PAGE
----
How can I remember injection site locations?

Use hand tracing to record injection sites. If you are diabetic and have difficulty remembering which fingers have been used for blood sugar monitoring, trace an outline of a pair of hands on a piece of paper and mark the site of the last blood sample. This will help you remember to change sites.

Use a bracelet to remember to alternate injection locations. If you need to alternate injection sites and have trouble remembering which side you did last, wear a bracelet on the arm where the injection went. When you give the next injection, move the bracelet to the other arm. If you don't like to wear bracelets, change a ring from one hand to the other or use a sticky tab on the medication that indicates right or left. If the medication is refrigerated, you may want to use a refrigerator magnet to help you remember which side, arm or leg to use.
Teenage Waistland: A Former Fat-Camper Weighs in on Living Large, Losing Weight, And How Parents Can (And Can't) Help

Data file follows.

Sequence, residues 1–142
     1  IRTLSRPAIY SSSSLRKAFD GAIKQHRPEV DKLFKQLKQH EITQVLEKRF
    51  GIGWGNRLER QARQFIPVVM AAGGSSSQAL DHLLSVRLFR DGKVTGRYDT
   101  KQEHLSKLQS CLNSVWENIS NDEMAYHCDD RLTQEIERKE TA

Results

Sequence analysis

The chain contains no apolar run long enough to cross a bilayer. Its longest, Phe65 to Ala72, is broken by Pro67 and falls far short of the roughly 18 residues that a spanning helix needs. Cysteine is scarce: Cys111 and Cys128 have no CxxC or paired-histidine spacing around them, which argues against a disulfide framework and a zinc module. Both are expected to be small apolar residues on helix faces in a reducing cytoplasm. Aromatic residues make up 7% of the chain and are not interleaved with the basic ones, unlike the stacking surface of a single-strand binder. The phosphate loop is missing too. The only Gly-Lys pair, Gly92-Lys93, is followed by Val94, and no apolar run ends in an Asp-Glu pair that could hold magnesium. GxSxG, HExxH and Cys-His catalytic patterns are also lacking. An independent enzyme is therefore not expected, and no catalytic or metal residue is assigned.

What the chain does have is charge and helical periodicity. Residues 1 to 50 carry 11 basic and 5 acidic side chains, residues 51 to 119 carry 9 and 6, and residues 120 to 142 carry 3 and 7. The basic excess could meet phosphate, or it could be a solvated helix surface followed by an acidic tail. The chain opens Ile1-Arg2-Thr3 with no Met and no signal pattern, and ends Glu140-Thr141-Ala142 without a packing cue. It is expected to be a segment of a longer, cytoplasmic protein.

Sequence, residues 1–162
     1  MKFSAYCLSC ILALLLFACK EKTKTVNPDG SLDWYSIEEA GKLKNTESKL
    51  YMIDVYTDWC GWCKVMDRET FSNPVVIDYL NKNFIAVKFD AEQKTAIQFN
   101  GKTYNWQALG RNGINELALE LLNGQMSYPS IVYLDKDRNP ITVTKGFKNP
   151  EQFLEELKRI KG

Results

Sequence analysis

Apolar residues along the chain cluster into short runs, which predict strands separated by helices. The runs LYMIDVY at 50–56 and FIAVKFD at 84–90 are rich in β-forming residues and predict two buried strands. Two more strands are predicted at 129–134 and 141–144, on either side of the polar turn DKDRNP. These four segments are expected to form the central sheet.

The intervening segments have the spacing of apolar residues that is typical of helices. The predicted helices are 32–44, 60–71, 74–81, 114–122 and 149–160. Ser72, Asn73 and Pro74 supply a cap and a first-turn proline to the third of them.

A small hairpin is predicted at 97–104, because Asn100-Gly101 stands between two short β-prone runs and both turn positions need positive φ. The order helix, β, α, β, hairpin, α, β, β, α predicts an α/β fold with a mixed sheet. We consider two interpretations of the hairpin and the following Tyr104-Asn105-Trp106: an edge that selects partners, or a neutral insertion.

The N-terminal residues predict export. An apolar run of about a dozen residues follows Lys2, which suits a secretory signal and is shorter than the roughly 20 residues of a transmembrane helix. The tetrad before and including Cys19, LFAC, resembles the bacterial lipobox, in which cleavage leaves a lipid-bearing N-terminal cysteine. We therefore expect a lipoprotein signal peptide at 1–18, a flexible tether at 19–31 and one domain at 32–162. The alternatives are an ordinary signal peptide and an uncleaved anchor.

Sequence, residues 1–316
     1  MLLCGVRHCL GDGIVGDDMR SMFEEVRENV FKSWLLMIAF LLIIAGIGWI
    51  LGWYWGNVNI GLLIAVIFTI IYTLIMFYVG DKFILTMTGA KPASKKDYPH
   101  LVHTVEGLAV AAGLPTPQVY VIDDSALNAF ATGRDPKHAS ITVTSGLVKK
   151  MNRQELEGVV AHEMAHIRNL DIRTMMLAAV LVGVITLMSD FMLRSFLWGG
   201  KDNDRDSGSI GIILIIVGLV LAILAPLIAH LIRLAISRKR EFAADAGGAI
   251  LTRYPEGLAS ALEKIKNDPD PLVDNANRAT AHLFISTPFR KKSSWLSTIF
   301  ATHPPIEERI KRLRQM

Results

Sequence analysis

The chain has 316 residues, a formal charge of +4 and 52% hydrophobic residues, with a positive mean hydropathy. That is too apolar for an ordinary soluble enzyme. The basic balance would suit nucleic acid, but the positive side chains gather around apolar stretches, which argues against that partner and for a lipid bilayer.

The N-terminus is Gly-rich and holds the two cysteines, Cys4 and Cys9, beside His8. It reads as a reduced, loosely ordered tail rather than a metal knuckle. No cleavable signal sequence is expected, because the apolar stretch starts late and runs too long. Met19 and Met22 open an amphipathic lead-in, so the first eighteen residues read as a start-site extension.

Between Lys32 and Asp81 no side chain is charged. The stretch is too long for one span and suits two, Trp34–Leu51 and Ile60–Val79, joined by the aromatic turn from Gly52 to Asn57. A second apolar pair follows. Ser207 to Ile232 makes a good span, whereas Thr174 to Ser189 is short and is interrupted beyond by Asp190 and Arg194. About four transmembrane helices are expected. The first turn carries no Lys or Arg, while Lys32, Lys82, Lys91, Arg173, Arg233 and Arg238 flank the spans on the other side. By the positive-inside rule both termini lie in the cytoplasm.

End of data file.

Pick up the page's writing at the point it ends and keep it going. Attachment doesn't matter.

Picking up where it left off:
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Teenage Waistland: A Former Fat-Camper Weighs in on Living Large, Losing Weight, And How Parents Can (And Can't) Help

We've been inundated lately with books and articles about childhood obesity. Most offer cultural critique or nutrition and exercise advice — in tones that are alternately appalled and patronizing....

Continue Learning about Diabetes


Diabetes mellitus (MEL-ih-tus), often referred to as diabetes, is characterized by high blood glucose (sugar) levels that result from the body’s inability to produce enough insulin and/or effectively utilize the insulin. Diabetes ...

is a serious, life-long condition and the sixth leading cause of death in the United States. Diabetes is a disorder of metabolism (the body's way of digesting food and converting it into energy). There are three forms of diabetes. Type 1 diabetes is an autoimmune disease that accounts for five- to 10-percent of all diagnosed cases of diabetes. Type 2 diabetes may account for 90- to 95-percent of all diagnosed cases. The third type of diabetes occurs in pregnancy and is referred to as gestational diabetes. Left untreated, gestational diabetes can cause health issues for pregnant women and their babies. People with diabetes can take preventive steps to control this disease and decrease the risk of further complications.

Important: This content reflects information from various individuals and organizations and may offer alternative or opposing points of view. It should not be used for medical advice, diagnosis or treatment. As always, you should consult with your healthcare provider about your specific health needs.